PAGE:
September 30, 2020

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You don’t have to go far to find some of the brightest minds in science and technology – that is, if you’re in Kitchener-Waterloo. But sometimes, it can seem like these minds disproportionately represent a particular gender.

On Oct. 15, tech groups in Waterloo Region came together in the Victoria Park pavilion to share, discuss and discover what women have contributed to these fields.

It was the first-ever official Canadian observance of Ada Lovelace Day. Organized by Charlotte Armstrong and director Stephanie Rozek of technology literacy venture Hackademy.ca, it is a celebration of the contributions of all women to the so called “STEM fields:” science, technology, engineering and mathematics.

Too often, Armstrong says, women have been discouraged from joining STEM fields, or else just haven’t considered them as valid options for someone who also wants a family.

“They didn’t want to have a career in it, because they felt that it was anti-social and it didn’t help anyone… but you can live all the dreams you want to, and have a career as well,” Armstron g said.

The event featured a number of high-profile speakers who spoke about Ada Lovelace, about women and their role in technology, or about their own personal experiences as women in the STEM fields. Carolyn Augusta was one of those speakers. She humourously related her own struggles with mathematics that eventually ended up with her earning a degree in that field. Augusta defended the use of Lovelace as the day’s symbol, saying her contribution was key in an incredibly important field.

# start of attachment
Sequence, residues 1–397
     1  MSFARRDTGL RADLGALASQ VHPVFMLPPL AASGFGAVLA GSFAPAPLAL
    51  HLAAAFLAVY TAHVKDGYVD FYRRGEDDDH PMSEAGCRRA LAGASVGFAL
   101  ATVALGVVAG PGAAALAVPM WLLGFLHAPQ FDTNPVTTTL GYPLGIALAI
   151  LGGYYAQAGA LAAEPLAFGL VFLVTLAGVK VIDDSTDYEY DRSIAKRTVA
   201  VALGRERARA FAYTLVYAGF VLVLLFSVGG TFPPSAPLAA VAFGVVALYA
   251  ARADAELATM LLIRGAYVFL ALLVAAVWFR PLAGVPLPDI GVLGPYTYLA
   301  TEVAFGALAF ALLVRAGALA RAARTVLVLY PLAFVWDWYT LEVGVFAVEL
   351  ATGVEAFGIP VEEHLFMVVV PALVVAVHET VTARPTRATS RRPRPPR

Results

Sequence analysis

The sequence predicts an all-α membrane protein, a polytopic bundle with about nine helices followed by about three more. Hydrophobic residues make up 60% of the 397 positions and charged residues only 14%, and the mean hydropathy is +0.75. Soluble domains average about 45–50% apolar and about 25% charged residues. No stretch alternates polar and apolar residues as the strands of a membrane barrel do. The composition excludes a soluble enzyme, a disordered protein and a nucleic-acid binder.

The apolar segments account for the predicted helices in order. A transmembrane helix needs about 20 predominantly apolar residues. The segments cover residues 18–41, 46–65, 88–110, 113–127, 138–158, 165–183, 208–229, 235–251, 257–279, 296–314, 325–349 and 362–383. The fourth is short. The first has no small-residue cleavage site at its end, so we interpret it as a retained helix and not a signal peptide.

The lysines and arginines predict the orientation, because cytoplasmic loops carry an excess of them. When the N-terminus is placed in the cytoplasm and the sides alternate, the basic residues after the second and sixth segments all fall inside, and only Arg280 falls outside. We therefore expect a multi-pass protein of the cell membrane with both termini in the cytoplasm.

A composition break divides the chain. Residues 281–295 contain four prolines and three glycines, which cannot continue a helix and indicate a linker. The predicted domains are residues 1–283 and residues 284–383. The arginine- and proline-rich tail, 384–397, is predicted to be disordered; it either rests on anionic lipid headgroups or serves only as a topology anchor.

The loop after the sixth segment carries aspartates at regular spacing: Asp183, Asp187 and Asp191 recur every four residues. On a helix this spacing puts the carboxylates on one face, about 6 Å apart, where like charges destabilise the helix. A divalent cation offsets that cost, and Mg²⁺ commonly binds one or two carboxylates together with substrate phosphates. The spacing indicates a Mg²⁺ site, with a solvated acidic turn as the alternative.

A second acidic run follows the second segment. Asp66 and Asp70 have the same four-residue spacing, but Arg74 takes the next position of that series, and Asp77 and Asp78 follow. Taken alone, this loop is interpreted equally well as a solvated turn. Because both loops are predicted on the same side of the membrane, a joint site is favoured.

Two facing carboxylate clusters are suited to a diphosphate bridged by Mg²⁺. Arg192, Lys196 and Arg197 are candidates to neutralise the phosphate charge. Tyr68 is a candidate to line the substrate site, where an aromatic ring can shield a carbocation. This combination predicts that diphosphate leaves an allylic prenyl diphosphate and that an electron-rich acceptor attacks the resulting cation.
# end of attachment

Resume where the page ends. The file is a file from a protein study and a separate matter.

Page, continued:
“Ada Lovelace is widely regarded to be the first woman in computer science… Lovelace helped make computing happen the way we see it today,” Augusta said.

Lovelace was the only legitimate daughter of famed English poet Lord Byron. In 1843, she published notes about a computing device, created by polymath Charles Babbage, called the Analytical Engine. The notes included a formula for what is now widely considered the first computer program.

Also featured at the event were numerous local tech groups who set up booths and displays, filling the hall with the sounds of passionate conversationas well as the delight of young discovery. Kwartzlab , a Kitchener based community workshop, had a 3D printer on display. Guelph group Diyode brought and assembled a harmonograph, which uses physics to create unique, patterned images. Nerd Nite KW’s booth let attendees try the Oculus Rift, a next-generation display device that is worn on the user’s face like a set of goggles. And Hackademy.ca representatives, who organized the event, discussed technological literacy, which they believe is “the new literacy for the digital age.”

Despite being during Oktoberfest, one of the region’s largest events, the event experienced a strong turnout that included many young people. When asked about the success of the format, Charlotte Armstrong, community outreach coordinator for Hackademy.ca, said she liked how their plan for the event worked.

“I want to have presentations for adults to listen to, and then have areas where kids can explore… and young adults and adults can explore as well,” Armstrong said Rozek agreed, saying that the hands-on nature of the displays was one of the reasons they were able to reach such a large and varied audience. “I think it’s the curiosity. People say, ‘What is that?’… and it’s something really cool, and they want to know what it is.”